The announcement of the new London Mayor earlier this month came with the hope of a positive move towards tackling London’s worsening housing crisis.
Sadiq Khan promised that housing would be his number one concern, however worries were raised that neither candidates’ policies properly addressed the demand, because neither factored in the need to look to London’s Green Belt land to answer many of the problems.
The mayoral policies addressed the idea of redeveloping brownfield sites, which would help, but, while over 350,000 homes could be built on brownfield land within the Greater London Authority area, it’s a tricky, time-consuming and costly process, which wouldn’t give the immediate solution that is needed.
It has been argued that in order to offer a real solution to the crisis, ways must be found to make use of some of London’s Green Belt land and satisfy the city’s need to build more than what the brownfield sites can offer.
The size of London’s Green Belt has more than doubled in the last 25 years. Under the NPPF (National Planning Policy Framework), the five purposes of it are:
• To check the unrestricted sprawl of large built-up areas
• To prevent neighbouring towns merging into one another
• To assist in safeguard the countryside from encroachment
• To preserve the setting and special character of historic towns, and
• To assist in urban regeneration, by encouraging the recycling of derelict and other urban land
While such locations are often unsustainable in terms of infrastructure and connection to existing settlements, developers often prefer Green Belt sites as they can be cheaper to develop than brownfield with the absence of constraints such as contamination and impact on existing neighbouring buildings.
Green Belt land also comes with the potential to deliver more affordable housing than brownfield sites in the urban area and much of London’s Green Belt land may not serve its purpose and would benefit from review.
In the past Green Belt land has been criticised for reducing the availability of building land to satisfy the growing need and as a result being responsible for shocking London housing prices, which have pushed young professionals out of the city and led to an increase in people only able to rent.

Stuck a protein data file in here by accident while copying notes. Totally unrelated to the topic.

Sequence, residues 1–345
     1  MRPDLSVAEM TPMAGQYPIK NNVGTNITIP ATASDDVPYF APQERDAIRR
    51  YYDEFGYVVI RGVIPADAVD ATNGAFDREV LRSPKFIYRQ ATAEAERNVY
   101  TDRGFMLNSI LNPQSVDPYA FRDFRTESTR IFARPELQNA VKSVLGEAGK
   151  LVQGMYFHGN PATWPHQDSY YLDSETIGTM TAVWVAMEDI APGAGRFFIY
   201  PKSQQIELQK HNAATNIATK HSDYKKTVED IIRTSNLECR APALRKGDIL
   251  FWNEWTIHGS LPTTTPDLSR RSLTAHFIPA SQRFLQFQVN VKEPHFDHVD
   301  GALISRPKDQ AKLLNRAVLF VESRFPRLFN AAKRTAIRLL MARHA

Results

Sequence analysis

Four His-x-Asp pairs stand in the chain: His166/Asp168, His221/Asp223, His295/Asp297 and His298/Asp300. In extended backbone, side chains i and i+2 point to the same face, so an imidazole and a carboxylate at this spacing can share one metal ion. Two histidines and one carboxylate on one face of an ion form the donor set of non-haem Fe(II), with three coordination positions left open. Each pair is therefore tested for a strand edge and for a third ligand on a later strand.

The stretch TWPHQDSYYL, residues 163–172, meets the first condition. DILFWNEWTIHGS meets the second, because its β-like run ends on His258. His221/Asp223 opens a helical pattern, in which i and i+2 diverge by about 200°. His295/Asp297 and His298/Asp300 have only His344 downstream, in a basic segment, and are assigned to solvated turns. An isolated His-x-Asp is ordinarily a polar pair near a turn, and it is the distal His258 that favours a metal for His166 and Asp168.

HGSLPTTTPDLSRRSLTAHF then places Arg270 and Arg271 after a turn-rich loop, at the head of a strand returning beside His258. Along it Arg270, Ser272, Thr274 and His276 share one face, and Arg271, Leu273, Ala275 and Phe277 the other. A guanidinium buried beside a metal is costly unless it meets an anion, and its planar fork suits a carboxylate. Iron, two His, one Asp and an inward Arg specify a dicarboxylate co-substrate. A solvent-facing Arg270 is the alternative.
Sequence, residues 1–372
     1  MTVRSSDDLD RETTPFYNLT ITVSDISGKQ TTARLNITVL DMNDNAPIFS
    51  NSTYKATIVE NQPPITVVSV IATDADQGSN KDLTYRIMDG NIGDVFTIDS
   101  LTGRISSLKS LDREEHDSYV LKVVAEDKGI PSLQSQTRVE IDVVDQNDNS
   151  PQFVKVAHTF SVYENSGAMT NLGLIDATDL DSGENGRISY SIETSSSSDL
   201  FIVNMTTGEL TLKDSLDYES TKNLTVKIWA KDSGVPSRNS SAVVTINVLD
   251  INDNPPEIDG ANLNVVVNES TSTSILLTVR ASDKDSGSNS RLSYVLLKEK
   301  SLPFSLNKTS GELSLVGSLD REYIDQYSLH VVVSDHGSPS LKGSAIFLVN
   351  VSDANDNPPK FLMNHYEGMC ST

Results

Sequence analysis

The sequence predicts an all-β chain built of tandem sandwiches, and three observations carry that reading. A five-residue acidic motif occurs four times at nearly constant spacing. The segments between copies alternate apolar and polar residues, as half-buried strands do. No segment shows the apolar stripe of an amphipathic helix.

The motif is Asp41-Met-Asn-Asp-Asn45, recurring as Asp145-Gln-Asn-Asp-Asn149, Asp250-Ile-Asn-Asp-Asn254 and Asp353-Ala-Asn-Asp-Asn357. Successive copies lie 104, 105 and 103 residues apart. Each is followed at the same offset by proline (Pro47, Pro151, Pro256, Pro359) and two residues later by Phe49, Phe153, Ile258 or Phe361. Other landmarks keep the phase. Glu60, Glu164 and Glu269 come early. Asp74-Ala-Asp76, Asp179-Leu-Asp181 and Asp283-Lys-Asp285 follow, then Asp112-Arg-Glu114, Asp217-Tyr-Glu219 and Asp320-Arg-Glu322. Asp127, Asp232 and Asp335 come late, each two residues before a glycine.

According to a UK economic outlook report by PwC, in 2000 almost 60 per cent of Londoners owned the home they lived in, while 40 per cent rented. By 2025, this situation will have reversed and 60 per cent of Londoners will be renting from private landlords.
By only restricting building to brownfield land, it could only offer half of the housing required and when added to policies which look to higher affordable housing contributions, many fear that it would only lead to ineffective housing and further expense. A start, but a drop in the ocean towards housing a population which soared past its peak of 8.6 million last year and is predicted to exceed 11 million by 2040.
While no one would suggest developing on all of the Green Belt land, or even a majority of it, analysis by the Centre for Cities suggests that more than 430,000 homes could be built close to stations on only two per cent of London’s Green Belt.
Other options could be to review the status of under performing land in the Green Belt or to implement the National Infrastructure Commission’s plan to deliver 200,000 new homes around improved transport hubs.
Figures show that 50,000 new houses must be built in the London area each year for the next ten years to meet demand, so whichever way it goes, it’s going to be a tough job to tackle. We hope that Mr Khan can be the David to London’s Goliath.